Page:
A Quick and Snarky Guide to Food Security in Palestine
▲ Picking olives at an olive picking volunteer day the author attended with the Sabeel organization. (www.sabeel.org). Volunteers accompanied a Palestinian family to their olive trees and worked alongside them to harvest their olives near the illegal 'Separation Barrier' in the West Bank. The family was afraid to go by themselves in fear of harassment by the Israeli military and police. Photo by David Hosey.
By David Hosey*
Here is a quick guide to food security in Palestine.
Question #1: Can you get to your land, yes or no?
If yes, go on to the next question.
If no, then you are in good company. Farmers and shepherds in places like Jayyous, Bethlehem, At-Tuwani, Bil’in, Ni’ilin, and many other cities, towns, and villages throughout the West Bank have been cut off from land and livelihood by the Wall which is being built by the Israeli military. This Wall, which was deemed illegal by a 2004 International Court of Justice ruling
, runs almost twice the length of the internationally recognized border between Israel and the West Bank. It cuts through Palestinian land and Palestinian neighborhoods, confiscating land and denying movement and access rights to thousands of Palestinians. According to the World Food Program of the United Nations
, the "West Bank barrier construction is isolating thousands of people from their land, dividing communities and restricting access to essential services."
Question #2: If you can get to your land, are the trees that you’ve tended your whole life still standing?
Question #3: Even if you manage to harvest your crops, perhaps with the accompaniment of Israeli or international activists or faith groups, is there an accessible market for your crops?
Movement and access restrictions cripple the ability of Palestinian farmers to bring their crops to market. Checkpoints, settlements, restricted access roads, and the Wall make it next to impossible to sell your crops outside of a limited region. Again, the World Food Program
reports, "restriction on internal movements within the West Bank is contributing to the collapse of an already fragile economy and is threatening the population's food security."
Question #4: Do you live in the Gaza Strip?
According to a recently released statement by the World Council of Churches, 80% of Palestinians in Gaza are now dependent on food aid.
The December and January 2009 attacks on Gaza, christened Operation Cast Lead by the Israeli military, caused some $2 billion in infrastructural damage.
Meanwhile, the ongoing blockade and siege of Gaza contributes to rising malnutrition and a crippling reliance on humanitarian aid, which in turn is limited by Israeli control of crossing points into Gaza. Gaza has its very own Wall, a physical symbol of the devastating siege maintained by Israel’s control of the sea, air, and land around Gaza.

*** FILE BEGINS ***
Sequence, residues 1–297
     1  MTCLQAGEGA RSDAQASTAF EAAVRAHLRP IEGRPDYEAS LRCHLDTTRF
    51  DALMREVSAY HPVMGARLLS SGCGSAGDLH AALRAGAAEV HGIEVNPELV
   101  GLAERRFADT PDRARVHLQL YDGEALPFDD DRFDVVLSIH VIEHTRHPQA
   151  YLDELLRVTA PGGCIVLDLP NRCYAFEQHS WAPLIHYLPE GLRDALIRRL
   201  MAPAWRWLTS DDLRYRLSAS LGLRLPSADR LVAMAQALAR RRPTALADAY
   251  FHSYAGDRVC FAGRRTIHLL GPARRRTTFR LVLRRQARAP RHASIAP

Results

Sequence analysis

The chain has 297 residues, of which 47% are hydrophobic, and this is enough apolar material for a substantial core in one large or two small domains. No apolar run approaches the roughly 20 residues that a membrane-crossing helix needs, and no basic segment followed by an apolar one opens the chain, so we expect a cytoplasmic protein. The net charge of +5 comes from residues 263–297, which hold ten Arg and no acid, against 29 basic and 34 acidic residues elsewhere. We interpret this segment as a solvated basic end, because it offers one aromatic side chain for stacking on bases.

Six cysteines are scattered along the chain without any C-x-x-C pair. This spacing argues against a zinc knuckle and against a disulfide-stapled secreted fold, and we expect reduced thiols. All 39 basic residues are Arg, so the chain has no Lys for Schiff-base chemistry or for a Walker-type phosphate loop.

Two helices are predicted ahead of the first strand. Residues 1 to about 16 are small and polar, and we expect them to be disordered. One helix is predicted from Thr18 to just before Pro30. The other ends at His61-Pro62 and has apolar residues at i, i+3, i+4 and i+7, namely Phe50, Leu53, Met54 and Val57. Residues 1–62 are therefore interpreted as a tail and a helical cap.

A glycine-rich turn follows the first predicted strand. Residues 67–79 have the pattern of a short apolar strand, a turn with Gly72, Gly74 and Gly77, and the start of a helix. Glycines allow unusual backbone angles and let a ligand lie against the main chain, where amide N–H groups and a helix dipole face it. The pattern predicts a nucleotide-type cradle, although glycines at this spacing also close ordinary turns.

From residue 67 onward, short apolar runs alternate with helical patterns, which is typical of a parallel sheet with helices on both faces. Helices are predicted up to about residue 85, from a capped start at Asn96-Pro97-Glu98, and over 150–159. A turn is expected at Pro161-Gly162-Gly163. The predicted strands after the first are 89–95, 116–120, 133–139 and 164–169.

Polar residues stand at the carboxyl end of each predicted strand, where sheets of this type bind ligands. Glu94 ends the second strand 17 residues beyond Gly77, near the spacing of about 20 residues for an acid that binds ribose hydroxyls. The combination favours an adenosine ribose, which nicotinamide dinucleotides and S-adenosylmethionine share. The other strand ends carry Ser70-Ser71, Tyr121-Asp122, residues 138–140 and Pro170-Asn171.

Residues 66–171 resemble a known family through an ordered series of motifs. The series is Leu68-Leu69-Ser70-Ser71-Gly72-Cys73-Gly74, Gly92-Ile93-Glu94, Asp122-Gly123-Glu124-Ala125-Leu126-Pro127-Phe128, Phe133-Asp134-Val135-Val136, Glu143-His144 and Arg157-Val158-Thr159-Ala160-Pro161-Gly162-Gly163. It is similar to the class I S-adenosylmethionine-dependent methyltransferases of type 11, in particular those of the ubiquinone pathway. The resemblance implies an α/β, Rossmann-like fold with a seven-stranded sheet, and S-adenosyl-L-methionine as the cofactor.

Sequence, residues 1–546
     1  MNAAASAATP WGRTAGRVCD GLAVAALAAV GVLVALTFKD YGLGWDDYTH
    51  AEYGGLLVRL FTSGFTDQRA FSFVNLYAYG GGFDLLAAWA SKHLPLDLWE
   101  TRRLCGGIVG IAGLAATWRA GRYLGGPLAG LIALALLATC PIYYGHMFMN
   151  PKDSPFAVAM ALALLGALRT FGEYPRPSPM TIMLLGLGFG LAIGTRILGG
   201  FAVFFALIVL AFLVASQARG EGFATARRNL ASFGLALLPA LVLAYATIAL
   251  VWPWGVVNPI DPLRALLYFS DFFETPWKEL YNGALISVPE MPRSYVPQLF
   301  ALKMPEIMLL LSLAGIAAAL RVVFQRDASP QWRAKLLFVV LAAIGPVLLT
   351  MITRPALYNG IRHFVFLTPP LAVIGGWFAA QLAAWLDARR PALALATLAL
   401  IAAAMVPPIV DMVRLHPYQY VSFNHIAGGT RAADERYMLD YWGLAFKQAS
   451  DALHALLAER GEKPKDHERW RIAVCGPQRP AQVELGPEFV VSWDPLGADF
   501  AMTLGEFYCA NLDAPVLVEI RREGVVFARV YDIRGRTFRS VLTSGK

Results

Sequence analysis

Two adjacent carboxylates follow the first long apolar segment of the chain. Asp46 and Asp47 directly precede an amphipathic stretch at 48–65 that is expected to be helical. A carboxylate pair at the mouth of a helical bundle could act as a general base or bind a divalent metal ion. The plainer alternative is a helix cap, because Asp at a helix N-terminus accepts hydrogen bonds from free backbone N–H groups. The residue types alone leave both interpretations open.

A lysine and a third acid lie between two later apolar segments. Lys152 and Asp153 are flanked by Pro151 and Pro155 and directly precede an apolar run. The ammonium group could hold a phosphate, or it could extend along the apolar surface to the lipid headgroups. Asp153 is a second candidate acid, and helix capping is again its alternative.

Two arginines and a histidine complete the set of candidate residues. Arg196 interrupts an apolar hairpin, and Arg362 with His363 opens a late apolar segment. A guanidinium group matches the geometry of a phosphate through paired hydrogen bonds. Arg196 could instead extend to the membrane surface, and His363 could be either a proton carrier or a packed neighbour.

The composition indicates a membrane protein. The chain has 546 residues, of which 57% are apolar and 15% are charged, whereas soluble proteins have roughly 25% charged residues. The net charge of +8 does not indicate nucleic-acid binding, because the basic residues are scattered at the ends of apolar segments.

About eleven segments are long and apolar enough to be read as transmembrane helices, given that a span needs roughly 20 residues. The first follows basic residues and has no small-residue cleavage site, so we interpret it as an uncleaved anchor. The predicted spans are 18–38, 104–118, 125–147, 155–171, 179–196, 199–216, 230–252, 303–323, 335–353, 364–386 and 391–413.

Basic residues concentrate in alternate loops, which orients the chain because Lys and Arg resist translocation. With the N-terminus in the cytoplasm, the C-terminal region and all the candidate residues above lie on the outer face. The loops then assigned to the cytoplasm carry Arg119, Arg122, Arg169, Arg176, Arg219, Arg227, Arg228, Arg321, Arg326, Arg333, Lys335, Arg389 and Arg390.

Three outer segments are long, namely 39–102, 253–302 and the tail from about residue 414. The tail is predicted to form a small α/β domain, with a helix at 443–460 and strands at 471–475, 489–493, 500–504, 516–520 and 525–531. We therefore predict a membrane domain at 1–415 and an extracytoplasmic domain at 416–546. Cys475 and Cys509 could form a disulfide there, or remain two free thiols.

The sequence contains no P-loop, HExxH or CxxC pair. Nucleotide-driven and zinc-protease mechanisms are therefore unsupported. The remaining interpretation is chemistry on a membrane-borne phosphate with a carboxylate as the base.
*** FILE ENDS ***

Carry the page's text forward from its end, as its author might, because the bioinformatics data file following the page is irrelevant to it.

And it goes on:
If you answered no to the first three questions and yes to the fourth question, then you do not have food.
What can we do about it?
Last winter, I participated in a demonstration, organized by Israeli activists, at the Erez crossing point into Gaza. The goal of the demonstration was to accompany a convoy of humanitarian goods into the besieged Gaza Strip. Meanwhile, Palestinians from Gaza held a rally on the other side of the wall, and although the two groups were prohibited from meeting face to face, speeches from both sides were broadcast to the other via cell phone. The humanitarian convoy was not allowed in. How, I wondered, can we build walls so high and so strong that they can keep friends from reaching each other, and keep food from reaching those who need it? If Israelis and Palestinians gathering on either side of the Gaza border to express solidarity and goodwill towards each other is not enough to ensure justice, peace, and security, then what is?
So, as U.S. citizens, we can call on our government to end, reduce, or severely condition military aid to Israel as long as such military aid is used against Palestinian civilians and otherwise used to maintain Israel’s occupation of Palestinian land.
As church members, we can push our churches to follow its own morally responsible investment guidelines—by informing companies that we are invested in of our concerns for the ways in which their products are used in the occupied Palestinian territories, and by freezing investment or divesting from companies that refuse to respond to these concerns. Instead of investing in these companies, we can positively invest in companies that support human rights and international law, and positively invest in the Palestinian economy.
As purchasers, we can refuse to buy products made in settlements or made by companies that profit from the Israeli occupation. And we can positively purchase products that support fair, just trade, such as Sindyanna of the Galilee
, which sell Palestinian olive oil products.
As primary funders of Israel’s military occupation, we have a responsibility to work for change, not only to guarantee food security for Palestinians but to encourage the true security that is to be found in peace and justice for all people of the holy land.
We can, and—if the walls separating Israelis and Palestinians from a just, secure, and peaceful future are to fall—we must.
*David Hosey is a Mission Intern whose international placement was in Israel/Palestine.